This South Kashmir Duo Uses Cycle Wheel, Generates Electricity

Ubeer Naqushbandi


The "Dam-Less" Power Project
The “Dam-Less” Power Project

Given the shortage of electricity which Valleyites face, two youth from South Kashmir have come up with their own mini-power producing unit.

Suhail Ahmed Parray and Sameer Ahmed Najar, both in their teens have successfully generated electricity, equal to seven electric lamps from indigenous turbine.

Suhail studies Non-Medical while Sameer works as a Plumber.

Residents of Padgampora area of Awantipora in South Kashmir’s Pulwama district, the two friends have produced electricity through unique innovative way using indigenous technique, which they call “dam-less electricity.”

The duo perturbed by the power woes in Padgampora decided in January this year to build a turbine on Jhelum River flowing through their area to end their power woes.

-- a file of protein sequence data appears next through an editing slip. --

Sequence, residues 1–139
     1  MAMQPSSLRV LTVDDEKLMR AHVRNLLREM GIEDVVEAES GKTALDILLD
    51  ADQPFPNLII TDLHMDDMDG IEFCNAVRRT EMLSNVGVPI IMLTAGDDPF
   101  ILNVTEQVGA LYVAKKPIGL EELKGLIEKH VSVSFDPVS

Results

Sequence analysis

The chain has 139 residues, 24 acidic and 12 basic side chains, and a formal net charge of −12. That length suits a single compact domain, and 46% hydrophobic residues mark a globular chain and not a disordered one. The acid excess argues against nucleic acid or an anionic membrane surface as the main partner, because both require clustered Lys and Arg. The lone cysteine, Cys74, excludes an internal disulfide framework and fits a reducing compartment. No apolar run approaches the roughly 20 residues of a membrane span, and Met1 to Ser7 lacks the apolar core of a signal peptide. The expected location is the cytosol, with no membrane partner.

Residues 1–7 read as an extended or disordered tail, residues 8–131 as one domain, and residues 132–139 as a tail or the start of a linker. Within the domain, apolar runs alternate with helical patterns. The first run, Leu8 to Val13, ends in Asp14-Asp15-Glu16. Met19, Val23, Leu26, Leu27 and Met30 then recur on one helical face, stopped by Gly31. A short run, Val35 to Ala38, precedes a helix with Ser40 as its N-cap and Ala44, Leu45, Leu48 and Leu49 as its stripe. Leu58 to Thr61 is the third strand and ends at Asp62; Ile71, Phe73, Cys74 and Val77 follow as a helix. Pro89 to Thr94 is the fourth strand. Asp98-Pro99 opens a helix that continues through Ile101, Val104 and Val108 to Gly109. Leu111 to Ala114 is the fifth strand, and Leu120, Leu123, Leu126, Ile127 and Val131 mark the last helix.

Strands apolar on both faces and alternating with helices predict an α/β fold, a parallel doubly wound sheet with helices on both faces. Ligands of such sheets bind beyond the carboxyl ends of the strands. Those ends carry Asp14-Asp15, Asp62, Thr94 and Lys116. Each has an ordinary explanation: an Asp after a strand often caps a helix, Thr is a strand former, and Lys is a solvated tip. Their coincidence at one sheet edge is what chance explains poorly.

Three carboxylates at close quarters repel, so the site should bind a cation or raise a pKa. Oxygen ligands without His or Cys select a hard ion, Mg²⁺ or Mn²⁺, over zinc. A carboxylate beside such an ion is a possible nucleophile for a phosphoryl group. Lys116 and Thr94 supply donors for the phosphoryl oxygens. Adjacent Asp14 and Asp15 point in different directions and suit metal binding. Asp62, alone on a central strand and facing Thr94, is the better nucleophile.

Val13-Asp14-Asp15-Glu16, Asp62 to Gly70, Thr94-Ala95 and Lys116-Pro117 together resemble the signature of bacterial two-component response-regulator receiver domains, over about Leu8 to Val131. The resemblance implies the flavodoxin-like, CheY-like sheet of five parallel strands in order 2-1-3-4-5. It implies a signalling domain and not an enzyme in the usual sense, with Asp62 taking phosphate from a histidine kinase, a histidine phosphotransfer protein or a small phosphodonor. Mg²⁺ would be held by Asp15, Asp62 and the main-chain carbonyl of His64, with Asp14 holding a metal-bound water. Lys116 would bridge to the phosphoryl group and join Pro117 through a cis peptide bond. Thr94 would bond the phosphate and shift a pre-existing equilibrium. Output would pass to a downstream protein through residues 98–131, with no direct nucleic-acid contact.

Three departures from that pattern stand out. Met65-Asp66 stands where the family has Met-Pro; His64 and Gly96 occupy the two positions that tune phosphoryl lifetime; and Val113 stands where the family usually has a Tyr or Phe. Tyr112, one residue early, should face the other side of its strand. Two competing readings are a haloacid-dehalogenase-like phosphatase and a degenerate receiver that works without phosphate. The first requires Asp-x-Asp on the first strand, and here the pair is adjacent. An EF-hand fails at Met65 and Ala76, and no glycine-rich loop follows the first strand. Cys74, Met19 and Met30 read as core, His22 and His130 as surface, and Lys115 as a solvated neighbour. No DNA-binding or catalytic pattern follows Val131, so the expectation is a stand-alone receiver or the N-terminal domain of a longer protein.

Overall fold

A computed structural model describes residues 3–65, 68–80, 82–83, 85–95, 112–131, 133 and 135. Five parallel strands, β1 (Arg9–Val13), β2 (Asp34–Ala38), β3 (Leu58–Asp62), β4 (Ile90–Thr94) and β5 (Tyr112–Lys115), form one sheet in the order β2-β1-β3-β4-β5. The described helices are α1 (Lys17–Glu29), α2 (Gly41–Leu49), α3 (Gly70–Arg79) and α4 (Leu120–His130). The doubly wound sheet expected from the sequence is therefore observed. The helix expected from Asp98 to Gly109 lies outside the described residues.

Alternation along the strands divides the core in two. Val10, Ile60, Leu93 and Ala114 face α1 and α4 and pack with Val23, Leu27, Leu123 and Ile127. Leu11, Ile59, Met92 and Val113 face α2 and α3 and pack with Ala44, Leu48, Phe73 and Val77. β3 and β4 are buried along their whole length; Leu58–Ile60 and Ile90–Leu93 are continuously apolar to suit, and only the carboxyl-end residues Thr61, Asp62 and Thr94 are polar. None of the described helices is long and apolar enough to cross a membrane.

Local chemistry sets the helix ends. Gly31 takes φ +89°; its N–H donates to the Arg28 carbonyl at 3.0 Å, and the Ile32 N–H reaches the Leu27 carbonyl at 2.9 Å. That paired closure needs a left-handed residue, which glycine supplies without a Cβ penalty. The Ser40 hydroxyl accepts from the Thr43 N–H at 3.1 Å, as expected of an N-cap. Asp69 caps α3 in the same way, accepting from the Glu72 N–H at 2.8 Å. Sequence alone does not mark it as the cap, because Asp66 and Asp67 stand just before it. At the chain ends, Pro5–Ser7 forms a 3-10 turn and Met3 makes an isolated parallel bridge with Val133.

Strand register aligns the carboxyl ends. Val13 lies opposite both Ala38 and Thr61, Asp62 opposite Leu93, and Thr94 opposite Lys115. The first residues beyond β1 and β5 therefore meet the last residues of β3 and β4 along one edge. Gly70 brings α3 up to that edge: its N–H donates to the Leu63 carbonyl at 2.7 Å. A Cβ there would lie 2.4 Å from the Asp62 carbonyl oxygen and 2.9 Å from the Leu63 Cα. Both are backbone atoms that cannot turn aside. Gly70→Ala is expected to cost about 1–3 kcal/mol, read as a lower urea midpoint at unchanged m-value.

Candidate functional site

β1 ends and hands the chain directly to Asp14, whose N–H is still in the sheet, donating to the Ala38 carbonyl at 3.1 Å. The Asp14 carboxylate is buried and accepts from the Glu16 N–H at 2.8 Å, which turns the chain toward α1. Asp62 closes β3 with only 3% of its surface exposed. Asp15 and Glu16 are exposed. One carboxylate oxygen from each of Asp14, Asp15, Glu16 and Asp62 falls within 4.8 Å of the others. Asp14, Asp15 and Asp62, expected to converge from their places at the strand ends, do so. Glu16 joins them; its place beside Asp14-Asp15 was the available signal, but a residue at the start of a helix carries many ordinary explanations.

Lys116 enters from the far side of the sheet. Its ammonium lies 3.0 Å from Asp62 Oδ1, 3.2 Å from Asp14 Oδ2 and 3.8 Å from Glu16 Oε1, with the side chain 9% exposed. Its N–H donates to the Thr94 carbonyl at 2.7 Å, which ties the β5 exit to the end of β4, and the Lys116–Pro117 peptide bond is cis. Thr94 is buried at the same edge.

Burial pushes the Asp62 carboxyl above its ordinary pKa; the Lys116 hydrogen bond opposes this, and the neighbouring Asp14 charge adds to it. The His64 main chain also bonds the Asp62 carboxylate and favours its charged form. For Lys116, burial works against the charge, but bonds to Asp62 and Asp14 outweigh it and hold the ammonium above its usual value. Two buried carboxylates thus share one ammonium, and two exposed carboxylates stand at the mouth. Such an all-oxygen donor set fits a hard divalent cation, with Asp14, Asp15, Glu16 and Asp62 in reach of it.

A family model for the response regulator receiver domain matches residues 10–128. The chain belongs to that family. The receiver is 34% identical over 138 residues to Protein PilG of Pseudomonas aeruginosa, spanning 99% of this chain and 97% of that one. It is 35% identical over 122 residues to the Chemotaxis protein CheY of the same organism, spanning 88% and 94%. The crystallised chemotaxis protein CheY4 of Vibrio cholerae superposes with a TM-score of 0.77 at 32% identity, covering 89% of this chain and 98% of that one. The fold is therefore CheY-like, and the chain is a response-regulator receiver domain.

“In winter, electricity used to play hide and seek frequently,” Suhail said, “so we decided to generate power at our own.”

The idea was simple: to turn kinetic energy of Jhelum River into electric energy. But, then there were questions with related to technology in making a turbine; necessary to generate hydro-electricity.

“The material we used was cycle wheel which acts as a pulley; made blades for turbine out of leftover edible oil tins,” said Suhail.

“We also stored huge water gallons; at the time of less discharge of river, this stored water is used to run the turbine,” he added.

The two friends out of their pocket have spent a sum of fifteen thousand rupees on this indigenous turbine. “Till now, we have been successful to generate electricity which can illuminate seven lamps, at least” an excited Suhail said.



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